During this period, I noticed unrest in some law firms as they transitioned from an office to a remote working environment. I was lucky I operate from my home, so my running costs are minimal.
Monicka, what are some of the challenges you face running your own law firm?
As a small community suburban practice, my biggest challenge relates to the QLS Audit rules. I am an accountant, and it is frustrating that small firms can be penalised for successfully managing debtors and running a profitable business.
My other frustration was primarily resolved when we moved from our previous software supplier to mattero. We love "Matt". I like to do everything in the system, but we still do some things external to Matt, but he's so malleable and cheeky we really love him.
One of our biggest surprises is the response from the mattero team. Hannah and I are blown away by how quickly your team responds to questions and issues. I needed some help with the Trust when I first started. It was after hours, yet Celeste just kept on going until we found a workable solution. Nobody does that anymore, so big kudos to Celeste and everyone in the mattero team.
Tell us how you found mattero and how it fits into your strategy of running a completely digital firm?
My husband found mattero and is brilliant at sourcing time-saving technology. Setting up mattero was far simpler than I expected it to be, and I could set it up exactly the way I wanted to. When we researched practice management software, we found the other systems have a significant presence in the market, but they can be costly. Many of them have some excellent features, but I asked myself, 'how do those features enhance what I do for my client?' They didn't, so I don't need them.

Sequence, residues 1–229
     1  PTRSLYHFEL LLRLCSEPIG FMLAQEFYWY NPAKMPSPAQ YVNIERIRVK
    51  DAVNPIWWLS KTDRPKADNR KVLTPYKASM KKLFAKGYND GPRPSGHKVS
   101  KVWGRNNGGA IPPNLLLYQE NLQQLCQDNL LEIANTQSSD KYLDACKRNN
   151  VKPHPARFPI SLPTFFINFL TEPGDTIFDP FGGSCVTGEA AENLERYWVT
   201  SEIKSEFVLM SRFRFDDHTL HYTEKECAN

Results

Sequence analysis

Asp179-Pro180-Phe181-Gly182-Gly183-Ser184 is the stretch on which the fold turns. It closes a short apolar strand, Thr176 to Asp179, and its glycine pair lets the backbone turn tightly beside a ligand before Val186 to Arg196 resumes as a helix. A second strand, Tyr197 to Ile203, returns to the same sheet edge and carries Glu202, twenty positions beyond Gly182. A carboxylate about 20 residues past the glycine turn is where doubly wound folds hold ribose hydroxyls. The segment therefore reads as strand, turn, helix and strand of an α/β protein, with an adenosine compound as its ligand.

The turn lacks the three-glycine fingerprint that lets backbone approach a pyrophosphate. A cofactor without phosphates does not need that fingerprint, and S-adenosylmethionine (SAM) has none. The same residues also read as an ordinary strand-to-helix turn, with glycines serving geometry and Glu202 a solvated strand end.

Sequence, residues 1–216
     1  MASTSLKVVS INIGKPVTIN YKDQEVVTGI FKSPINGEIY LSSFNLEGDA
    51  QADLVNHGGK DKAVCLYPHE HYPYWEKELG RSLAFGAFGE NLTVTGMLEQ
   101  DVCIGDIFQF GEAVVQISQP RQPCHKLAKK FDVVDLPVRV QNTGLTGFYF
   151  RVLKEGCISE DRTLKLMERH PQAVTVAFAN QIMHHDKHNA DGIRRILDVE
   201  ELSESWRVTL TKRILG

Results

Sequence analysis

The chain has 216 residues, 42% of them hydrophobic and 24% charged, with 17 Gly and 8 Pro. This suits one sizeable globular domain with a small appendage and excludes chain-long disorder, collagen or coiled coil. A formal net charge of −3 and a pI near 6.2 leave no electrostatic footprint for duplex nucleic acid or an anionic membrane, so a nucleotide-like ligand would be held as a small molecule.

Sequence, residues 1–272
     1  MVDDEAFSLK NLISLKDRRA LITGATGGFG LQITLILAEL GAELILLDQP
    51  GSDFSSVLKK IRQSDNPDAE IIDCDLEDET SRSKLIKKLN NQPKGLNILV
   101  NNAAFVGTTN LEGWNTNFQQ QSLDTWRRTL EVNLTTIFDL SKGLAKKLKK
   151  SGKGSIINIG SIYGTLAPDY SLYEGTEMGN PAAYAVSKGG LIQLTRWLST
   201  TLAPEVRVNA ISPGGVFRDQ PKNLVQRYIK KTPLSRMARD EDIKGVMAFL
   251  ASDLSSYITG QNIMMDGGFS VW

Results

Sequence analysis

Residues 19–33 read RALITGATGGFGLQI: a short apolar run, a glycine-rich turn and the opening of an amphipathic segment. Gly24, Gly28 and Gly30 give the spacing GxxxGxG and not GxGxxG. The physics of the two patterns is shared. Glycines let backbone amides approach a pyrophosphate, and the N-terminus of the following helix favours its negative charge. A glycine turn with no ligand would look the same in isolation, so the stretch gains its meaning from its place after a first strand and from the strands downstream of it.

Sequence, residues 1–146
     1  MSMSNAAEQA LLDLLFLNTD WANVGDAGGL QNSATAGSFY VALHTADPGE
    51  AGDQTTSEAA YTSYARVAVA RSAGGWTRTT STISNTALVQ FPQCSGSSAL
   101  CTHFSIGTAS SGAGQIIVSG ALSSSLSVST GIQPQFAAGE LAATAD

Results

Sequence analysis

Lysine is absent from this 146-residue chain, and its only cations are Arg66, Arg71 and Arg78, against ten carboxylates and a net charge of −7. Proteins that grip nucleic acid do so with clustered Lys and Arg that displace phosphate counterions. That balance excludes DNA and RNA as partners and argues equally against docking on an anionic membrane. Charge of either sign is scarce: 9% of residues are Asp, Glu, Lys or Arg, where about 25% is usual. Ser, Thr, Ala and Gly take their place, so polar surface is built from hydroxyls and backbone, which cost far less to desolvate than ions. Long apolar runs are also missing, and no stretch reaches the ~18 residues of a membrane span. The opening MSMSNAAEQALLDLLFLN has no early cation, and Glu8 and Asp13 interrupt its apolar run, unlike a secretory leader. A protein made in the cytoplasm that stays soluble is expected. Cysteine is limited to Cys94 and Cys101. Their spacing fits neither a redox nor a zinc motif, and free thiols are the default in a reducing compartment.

My husband also found reMarkable, which I use to write Wills, and they're automatically saved into Outlook and mattero.
You offer fixed price packages to your clients. Could you elaborate on how you manage your costs?
We calculate our fixed price and prepare our Engagement Documents, filing them in Matt. To monitor how accurately we estimate our costs, we run some of our clients on a Time record in mattero and make any adjustments when we raise our accounts. This process gives us a good indication of how accurate we are in calculating the length of time a job takes. Of course, for Conveyancing and Wills, we have a fixed price, and we know our times because they have very fixed boundaries. The systems we have in place allows us to be very accurate.
The files which are 'unique' matters, for example, in Family Law, are run on Time in mattero, even though we quote a fixed price. By creating Time records, we have evidence of work and time spent if we need to amend our Costs Agreement.
Are you involved in any activities outside of practising law but related to the profession?
Unfortunately, not so much these days. The firm takes all my time. My hobby outside of work is hugging trees. I'm a botanist, so I like to spend my spare time in the garden.
Do you have any words of advice for lawyers who are setting up their own law firm?
Don't underestimate your own abilities. Setting up your own law firm can be very confronting, especially when you don't have a mentor. It's best to just believe in yourself and give it a go.